Friday, December 20, 2013

East Coast vs. West Coast: Drinking Outdoors

A year ago, I examined the differences between New York and San Francisco liquor laws. While I gave credit to New York for having bars open until 4 a.m., the city lost points for not selling wine in supermarkets and forcing alcoholics to wait until noon on Sundays to get their drink on.

Well, here's another way the East Coast is less forgiving to drinkers: Hardly any states allow people to consume alcohol outdoors. Check out this handy map, courtesy of the Huffington Post.

(Click to enlarge.)

The Northeast is a sea of orange, meaning outdoor drinking is banned in most or all municipalities.

Years ago, when I was visiting New York from the Bay Area, I sat with a friend at one of those red tables in Times Square. We began sipping beers purchased at a bodega, not realizing that such behavior wasn't allowed. After all, the whole point of those red tables and chairs is to give a friendly cafe vibe.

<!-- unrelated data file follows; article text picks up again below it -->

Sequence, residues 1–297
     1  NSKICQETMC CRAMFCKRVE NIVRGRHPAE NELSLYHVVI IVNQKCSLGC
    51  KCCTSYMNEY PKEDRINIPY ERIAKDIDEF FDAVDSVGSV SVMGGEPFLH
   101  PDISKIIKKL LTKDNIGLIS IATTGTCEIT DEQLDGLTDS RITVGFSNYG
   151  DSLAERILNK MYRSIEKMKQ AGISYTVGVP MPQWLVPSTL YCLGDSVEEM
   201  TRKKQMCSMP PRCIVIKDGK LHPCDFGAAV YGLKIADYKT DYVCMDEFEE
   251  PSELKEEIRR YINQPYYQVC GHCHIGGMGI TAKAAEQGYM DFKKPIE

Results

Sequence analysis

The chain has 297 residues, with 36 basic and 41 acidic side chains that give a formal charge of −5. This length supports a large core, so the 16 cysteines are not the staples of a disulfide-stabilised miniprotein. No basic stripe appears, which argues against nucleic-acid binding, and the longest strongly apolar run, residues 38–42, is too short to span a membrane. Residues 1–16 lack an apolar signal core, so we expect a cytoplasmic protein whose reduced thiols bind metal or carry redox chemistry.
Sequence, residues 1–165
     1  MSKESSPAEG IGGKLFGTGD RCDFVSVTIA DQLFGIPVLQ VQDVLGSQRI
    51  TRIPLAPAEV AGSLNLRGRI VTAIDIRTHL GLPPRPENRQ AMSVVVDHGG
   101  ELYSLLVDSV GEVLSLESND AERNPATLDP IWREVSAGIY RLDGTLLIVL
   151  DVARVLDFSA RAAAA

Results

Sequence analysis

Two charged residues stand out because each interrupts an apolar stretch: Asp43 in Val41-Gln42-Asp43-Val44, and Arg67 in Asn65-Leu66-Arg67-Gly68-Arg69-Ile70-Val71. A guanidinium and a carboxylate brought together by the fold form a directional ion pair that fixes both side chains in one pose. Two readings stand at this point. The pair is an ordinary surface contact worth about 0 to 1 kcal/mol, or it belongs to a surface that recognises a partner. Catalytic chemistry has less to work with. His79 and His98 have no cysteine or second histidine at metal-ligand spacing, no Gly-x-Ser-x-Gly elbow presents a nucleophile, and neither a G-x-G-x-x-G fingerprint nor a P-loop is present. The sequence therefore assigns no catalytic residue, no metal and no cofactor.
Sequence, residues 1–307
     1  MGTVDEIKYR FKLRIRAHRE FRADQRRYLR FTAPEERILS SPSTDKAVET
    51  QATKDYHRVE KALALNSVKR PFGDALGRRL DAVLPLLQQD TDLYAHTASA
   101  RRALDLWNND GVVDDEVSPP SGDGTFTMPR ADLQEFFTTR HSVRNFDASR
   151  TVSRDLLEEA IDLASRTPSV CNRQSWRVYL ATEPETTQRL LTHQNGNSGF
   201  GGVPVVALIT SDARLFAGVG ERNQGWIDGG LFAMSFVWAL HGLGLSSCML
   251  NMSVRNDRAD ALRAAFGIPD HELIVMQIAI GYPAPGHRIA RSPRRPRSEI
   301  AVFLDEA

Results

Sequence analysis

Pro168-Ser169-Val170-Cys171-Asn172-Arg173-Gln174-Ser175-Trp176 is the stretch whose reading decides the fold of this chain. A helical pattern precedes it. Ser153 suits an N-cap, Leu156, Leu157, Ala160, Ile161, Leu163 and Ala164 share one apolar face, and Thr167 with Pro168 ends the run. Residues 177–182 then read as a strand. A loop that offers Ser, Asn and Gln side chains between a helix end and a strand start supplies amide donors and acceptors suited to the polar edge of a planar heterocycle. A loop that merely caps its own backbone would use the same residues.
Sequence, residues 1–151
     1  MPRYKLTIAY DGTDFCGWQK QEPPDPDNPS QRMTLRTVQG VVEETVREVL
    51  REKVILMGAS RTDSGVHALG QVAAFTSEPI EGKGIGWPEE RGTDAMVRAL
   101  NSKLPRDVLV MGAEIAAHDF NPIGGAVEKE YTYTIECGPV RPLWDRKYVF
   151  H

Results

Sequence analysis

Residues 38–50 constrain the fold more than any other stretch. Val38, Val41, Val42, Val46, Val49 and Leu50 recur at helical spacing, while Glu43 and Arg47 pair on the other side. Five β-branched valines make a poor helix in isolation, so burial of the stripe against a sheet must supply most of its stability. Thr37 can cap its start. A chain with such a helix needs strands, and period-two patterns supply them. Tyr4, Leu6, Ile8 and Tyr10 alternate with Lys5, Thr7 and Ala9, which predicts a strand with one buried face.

Police descended almost immediately and served us with citations. (My friend argued successfully that I was a clueless Californian and shouldn't get one.)

Anyway, I couldn't imagine that happening in San Francisco.

Not because of the city's freedom-loving ways (drinking in public isn't technically allowed there either), but because the police rarely bother enforcing the law.